Boreas composite off-road camper trailer leaves the wood in the forest
Before getting its pop-top flagship to market, Boreas Campers has launched a simpler model aimed at buyers who want the advantage of its tough, zero-wood construction without laying out $30 grand on a fully equipped trailer. The new AT takes the same 15.5-foot (4.7-m) form as the company's signature XT but brings only the structural and electrical bones, leaving equipment choices like stove, fridge/cooler and water storage to the buyer.
Originally called Into the Wild Overland, Boreas got its start in 2015 as an expedition vehicle rental company before quickly expanding into trailer manufacturing a year later. In 2018, it eliminated every last sawdust spec from its factory floor, building up a reputation for tough-but-lightweight trailers with absolutely no wood in their construction.
By relying only on steel, aluminum and composites, Boreas eliminated the rot, mold and degradation that can send wood-framed trailers to an early retirement in the junkyard, and advertised a more robust design meant to last a lifetime. In fact, it backs that up with a lifetime chassis and exoskeleton warranty.
The AT follows the XT and moto-hauling MXT to become the third trailer in Boreas' lineup. Boreas prefers not to use the term "base model" because, unlike the empty trailer shells or pickup toppers to which that term often refers, the AT is more robustly equipped for hitch-and-go all-terrain camping. For starters, it has the same combination of 3 x 2-in powder-coated steel tube frame and fiberglass composite/aluminum body as the XT models. It also rides on BFGoodrich KO2 all-terrain tires beaded to 16-in steel wheels cushioned by a 3,500-lb (1,585-kg) heavy-duty Timbren Axle-Less suspension.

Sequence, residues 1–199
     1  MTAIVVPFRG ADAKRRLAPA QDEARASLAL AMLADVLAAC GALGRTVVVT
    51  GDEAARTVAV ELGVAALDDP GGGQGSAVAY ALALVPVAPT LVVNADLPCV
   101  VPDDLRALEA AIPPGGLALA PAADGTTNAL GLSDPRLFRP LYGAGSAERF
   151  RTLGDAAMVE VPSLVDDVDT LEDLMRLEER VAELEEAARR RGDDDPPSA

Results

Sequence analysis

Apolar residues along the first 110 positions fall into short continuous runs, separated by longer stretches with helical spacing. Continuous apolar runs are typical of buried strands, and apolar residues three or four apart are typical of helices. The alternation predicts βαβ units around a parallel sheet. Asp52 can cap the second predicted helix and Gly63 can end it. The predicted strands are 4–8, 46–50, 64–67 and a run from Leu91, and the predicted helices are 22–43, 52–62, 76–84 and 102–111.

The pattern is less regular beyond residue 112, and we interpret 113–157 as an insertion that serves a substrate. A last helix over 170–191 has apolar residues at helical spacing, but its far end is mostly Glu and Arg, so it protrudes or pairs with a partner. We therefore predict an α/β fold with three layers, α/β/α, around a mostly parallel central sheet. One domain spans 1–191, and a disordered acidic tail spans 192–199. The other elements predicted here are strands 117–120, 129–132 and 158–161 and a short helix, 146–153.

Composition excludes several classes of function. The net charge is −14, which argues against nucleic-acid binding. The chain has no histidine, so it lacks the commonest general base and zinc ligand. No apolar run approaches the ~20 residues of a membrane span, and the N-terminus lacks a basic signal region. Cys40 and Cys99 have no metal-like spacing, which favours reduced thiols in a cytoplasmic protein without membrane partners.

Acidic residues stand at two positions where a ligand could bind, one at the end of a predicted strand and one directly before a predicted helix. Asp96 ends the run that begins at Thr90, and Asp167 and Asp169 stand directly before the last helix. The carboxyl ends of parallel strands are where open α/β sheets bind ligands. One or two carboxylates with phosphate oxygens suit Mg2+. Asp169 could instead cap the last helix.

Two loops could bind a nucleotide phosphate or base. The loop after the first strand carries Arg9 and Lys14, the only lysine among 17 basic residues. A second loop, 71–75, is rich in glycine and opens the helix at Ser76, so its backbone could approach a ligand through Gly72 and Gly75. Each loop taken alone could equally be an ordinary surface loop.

The AT shares its basic interior layout with the XT, featuring composite cabinets and a 57 x 79 x 4.5-in (145 x 201 x 11.4-cm) near-queen mattress. The insulated walls are paneled in maple-look FRP composite, the floor made from FRP diamond plate. Packaged standard are a 10-speed Maxxair fan, LED interior and porch lighting, and a power panel with 110V/12V/USB outlets for convenient plug-in. The lights, fan and plugs come to life under power from the standard electrical package wired to a 125-Ah deep-cycle battery.
The biggest difference between AT and XT is found inside the tailgate. Instead of a full galley with slide-out fridge/freezer, stove and sink, the AT's galley is an empty storage compartment. It's designed as a plug-and-play kitchen complete with composite cabinets, stainless steel counter, cargo space and 110V/12V/USB outlets. It also has dimmable LED lighting.
While a fully equipped trailer is always nicer to look at, what's nice about a simpler, emptier design like the AT is that owners can save money up front and build the trailer into a mini-home over time. So the year the big trailer bill comes due, the owners can camp cheaply, loading up basic equipment like portable canister stoves, water jugs and plastic coolers. Down the line, they can add more permanent hardware like a fridge and stove slide, should they want something cleaner and more integrated. With its electrical already wired, the AT makes it easy to pop in a fridge/freezer and other electric accessories.
Other notable standard AT features include a custom aluminum roof rack, ARB awning, electric brakes, full-size spare tire, custom aluminum tongue box, and diamond-plate fenders with step-ups. Equipment that's lost in the drop from XT spec includes the water tank and pump, forced-air furnace, 11-lb (5-kg) propane tank, water heater and outdoor shower, and solar charging.
The AT trailer weighs 1,850 lb (839 kg) dry, giving it around 1,600 lb (725 kg) of payload before encroaching on the 3,500-lb limit of the Timbren suspension. It starts at US$18,900, which, while well more than a number of other base-model squaredrop and teardrop trailers, leaves a nice chunk of change in the buyer's pocket as compared to the $29,990 XT.
We should be taking a look at Boreas again pretty soon because its social media shows the four-person XT12 pop-up trailer coming along nicely.
Source: Boreas Campers